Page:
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Artificial intelligence

A new way to train AI systems could keep them safer from hackers

July 10, 2020
CT scan of elderly man with old occipital infarct
Callista Images / Getty

The context: One of the greatest unsolved flaws of deep learning is its vulnerability to so-called adversarial attacks. When added to the input of an AI system, these perturbations, seemingly random or undetectable to the human eye, can make things go completely awry. Stickers strategically placed on a stop sign, for example, can trick a self-driving car into seeing a speed limit sign for 45 miles per hour, while stickers on a road can confuse a Tesla into veering into the wrong lane.

Safety critical: Most adversarial research focuses on image recognition systems, but deep-learning-based image reconstruction systems are vulnerable too. This is particularly troubling in health care, where the latter are often used to reconstruct medical images like CT or MRI scans from x-ray data. A targeted adversarial attack could cause such a system to reconstruct a tumor in a scan where there isn’t one.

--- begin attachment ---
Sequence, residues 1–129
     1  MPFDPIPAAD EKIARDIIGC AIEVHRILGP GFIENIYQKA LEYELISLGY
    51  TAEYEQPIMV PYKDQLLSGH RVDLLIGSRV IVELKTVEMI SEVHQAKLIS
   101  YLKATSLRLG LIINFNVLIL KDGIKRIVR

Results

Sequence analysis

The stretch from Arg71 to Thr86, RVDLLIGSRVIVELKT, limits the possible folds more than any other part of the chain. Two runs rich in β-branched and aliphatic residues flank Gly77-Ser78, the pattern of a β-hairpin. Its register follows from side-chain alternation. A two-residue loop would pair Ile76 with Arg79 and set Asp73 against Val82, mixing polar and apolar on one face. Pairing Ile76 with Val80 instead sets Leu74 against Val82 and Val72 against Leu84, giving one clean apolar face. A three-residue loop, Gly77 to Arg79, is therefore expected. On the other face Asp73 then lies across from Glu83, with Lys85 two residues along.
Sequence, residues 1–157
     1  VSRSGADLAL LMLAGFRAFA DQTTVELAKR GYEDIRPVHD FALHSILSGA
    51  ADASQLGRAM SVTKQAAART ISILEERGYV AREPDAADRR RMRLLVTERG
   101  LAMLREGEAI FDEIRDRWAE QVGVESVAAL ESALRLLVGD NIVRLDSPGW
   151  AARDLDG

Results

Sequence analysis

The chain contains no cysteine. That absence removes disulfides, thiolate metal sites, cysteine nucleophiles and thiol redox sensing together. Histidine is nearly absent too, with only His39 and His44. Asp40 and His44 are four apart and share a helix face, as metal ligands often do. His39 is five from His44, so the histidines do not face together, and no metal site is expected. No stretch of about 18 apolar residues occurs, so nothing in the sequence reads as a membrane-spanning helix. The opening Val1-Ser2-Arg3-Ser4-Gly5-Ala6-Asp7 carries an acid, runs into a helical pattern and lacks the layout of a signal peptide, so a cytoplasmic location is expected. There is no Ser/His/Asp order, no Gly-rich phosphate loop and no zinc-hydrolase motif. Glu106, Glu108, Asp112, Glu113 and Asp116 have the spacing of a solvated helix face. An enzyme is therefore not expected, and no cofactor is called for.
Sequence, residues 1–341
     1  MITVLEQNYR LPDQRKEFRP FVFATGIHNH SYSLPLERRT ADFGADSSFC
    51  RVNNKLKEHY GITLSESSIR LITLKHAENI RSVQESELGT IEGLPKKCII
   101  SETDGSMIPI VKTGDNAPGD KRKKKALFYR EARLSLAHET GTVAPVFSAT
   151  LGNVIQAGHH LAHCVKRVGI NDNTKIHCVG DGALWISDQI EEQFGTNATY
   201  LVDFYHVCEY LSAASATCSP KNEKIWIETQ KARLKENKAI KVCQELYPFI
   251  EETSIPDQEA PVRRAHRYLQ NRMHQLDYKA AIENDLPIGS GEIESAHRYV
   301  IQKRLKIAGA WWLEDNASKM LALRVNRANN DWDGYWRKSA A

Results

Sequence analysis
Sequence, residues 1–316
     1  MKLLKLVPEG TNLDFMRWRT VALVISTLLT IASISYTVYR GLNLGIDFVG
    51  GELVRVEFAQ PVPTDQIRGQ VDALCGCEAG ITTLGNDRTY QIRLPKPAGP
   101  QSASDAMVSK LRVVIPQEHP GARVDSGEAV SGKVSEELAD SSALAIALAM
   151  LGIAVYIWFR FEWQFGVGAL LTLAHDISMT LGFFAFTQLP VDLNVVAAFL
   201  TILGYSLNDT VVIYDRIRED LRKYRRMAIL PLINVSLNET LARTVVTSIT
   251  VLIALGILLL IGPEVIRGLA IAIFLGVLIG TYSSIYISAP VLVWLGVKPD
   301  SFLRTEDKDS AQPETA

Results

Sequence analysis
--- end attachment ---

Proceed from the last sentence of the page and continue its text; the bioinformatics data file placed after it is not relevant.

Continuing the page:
The research: Bo Li (named one of this year’s MIT Technology Review Innovators Under 35) and her colleagues at the University of Illinois at Urbana-Champaign are now proposing a new method for training such deep-learning systems to be more failproof and thus trustworthy in safety-critical scenarios. They pit the neural network responsible for image reconstruction against another neural network responsible for generating adversarial examples, in a style similar to GAN algorithms. Through iterative rounds, the adversarial network attempts to fool the reconstruction network into producing things that aren’t part of the original data, or ground truth. The reconstruction network continuously tweaks itself to avoid being fooled, making it safer to deploy in the real world.

The results: When the researchers tested their adversarially trained neural network on two popular image data sets, it was able to reconstruct the ground truth better than other neural networks that had been “fail-proofed” with different methods. The results still aren’t perfect, however, which shows the method still needs refinement. The work will be presented next week at the International Conference on Machine Learning. (Read this week’s Algorithm for tips on how I navigate AI conferences like this one.)

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